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The Role of Rho GTPases, Rac1 and Rac2, in Mast Cell Exocytosis Open Access


Other title
Rac1 and Rac2 GTPases
mast cell
Type of item
Degree grantor
University of Alberta
Author or creator
Baier, Alicia
Supervisor and department
Eitzen, Gary (Cell Biology)
Examining committee member and department
LaPointe, Paul (Cell Biology)
Lacy, Paige (Medicine)
Vliagoftis, Harissios (Medicine)
Department of Cell Biology

Date accepted
Graduation date
Master of Science
Degree level
Mast cells are tissue-resident immune cells that undergo exocytosis upon activation, releasing potent immunoregulatory molecules that initiate inflammatory responses. Here, I investigated the role of the hematopoietic specific Rho GTPase, Rac2, and the ubiquitous, Rac1, on mast cell exocytosis. Our hypothesis is that Fc(epsilon)RI-mediated mast cell exocytosis is differentially regulated by Rac1 and Rac2 GTPases. Three experimental systems were used to investigate their roles in mast cell function; Rac2 knockout mice, Rac1 and Rac2 siRNA knockdown, and treatment with the Rac inhibitor, EHT-1864. My results suggest that Rac1 and Rac2 regulate multiple stages of Fc(epsilon)RI-mediated response in mast cells. I found that calcium flux and exocytosis were Rac1 and Rac2-dependent processes. My data suggests that Rac1 and Rac2 regulate exocytosis through a convergent pathway but regulate calcium flux through alternate pathways. Moreover, I found that Rac2 does not regulate actin remodelling, suggesting this may be a Rac1-mediated process.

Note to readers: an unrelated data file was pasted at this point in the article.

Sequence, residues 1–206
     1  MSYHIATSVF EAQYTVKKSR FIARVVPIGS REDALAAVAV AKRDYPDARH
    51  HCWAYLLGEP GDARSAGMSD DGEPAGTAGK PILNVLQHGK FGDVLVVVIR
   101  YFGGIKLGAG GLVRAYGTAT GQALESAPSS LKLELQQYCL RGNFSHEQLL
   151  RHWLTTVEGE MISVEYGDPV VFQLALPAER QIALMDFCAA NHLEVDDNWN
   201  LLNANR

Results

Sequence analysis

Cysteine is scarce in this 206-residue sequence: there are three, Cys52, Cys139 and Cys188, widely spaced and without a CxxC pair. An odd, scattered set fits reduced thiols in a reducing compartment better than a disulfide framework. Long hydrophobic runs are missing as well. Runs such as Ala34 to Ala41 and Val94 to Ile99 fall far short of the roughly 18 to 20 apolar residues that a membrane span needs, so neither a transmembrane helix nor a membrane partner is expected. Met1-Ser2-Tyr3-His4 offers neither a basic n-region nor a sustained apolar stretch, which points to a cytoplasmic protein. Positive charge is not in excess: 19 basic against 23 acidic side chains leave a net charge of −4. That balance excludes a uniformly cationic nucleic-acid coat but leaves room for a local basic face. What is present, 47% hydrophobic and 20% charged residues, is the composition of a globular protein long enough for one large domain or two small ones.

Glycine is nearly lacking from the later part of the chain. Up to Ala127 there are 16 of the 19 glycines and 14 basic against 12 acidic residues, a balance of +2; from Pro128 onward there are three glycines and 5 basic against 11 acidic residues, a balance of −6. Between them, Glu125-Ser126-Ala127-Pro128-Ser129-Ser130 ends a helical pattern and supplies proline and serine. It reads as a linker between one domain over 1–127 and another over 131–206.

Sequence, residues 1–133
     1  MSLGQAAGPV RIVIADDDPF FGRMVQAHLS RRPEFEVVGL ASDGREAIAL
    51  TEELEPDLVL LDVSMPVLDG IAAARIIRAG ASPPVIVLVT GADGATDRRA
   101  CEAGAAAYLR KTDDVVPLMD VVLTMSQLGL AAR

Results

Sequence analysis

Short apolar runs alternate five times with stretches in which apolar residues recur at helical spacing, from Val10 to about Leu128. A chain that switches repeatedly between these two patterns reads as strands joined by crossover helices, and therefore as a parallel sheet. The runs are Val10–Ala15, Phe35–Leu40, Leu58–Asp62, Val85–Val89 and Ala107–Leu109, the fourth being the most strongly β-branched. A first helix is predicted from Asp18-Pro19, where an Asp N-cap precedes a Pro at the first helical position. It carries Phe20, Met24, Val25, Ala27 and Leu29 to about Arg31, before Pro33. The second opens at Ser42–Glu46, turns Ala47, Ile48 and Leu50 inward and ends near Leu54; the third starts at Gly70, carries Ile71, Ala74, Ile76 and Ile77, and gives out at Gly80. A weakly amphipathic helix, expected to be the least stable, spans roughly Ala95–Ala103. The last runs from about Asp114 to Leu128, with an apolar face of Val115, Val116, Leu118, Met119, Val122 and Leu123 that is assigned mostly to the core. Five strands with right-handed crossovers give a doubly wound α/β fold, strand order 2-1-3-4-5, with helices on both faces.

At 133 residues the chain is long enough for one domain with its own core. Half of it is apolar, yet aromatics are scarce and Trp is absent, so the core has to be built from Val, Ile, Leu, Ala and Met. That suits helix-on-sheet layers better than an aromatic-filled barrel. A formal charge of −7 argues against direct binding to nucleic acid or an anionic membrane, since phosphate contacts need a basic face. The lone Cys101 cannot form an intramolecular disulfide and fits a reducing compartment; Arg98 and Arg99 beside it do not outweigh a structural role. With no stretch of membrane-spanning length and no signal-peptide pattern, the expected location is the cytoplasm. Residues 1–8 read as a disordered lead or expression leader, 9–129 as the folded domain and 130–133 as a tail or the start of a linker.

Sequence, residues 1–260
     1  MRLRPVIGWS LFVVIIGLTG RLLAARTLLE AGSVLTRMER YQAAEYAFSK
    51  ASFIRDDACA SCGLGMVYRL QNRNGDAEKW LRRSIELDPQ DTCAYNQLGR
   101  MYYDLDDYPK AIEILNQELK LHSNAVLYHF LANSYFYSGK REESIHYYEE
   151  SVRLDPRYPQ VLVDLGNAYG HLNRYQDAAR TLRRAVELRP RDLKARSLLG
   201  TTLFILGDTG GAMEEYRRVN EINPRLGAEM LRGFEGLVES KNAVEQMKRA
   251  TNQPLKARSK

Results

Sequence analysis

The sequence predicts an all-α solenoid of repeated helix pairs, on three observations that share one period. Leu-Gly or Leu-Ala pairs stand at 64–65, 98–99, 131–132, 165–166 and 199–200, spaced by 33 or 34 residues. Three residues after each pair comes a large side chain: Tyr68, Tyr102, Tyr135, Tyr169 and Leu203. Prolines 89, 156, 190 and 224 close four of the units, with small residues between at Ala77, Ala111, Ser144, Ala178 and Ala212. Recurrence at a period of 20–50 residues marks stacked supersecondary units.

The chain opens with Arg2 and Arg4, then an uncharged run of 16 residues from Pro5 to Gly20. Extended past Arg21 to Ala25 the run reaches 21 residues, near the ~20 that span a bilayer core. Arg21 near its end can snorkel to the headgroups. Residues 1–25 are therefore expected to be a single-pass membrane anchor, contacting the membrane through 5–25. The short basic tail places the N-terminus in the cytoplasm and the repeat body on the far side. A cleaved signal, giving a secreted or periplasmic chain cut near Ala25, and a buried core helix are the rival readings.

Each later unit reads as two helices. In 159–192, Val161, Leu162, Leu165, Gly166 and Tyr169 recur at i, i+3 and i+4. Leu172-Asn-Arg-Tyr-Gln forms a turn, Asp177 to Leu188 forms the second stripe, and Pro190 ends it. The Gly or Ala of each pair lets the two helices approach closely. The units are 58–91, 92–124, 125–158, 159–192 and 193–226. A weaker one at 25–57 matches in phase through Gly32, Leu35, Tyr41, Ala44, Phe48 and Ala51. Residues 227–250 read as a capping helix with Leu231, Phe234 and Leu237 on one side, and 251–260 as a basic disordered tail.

Permission is hereby granted to the University of Alberta Libraries to reproduce single copies of this thesis and to lend or sell such copies for private, scholarly or scientific research purposes only. Where the thesis is converted to, or otherwise made available in digital form, the University of Alberta will advise potential users of the thesis of these terms. The author reserves all other publication and other rights in association with the copyright in the thesis and, except as herein before provided, neither the thesis nor any substantial portion thereof may be printed or otherwise reproduced in any material form whatsoever without the author's prior written permission.
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File title: Alicia Baier M. Sc. THESIS prefatory pages for FGSR, 2012.pdf
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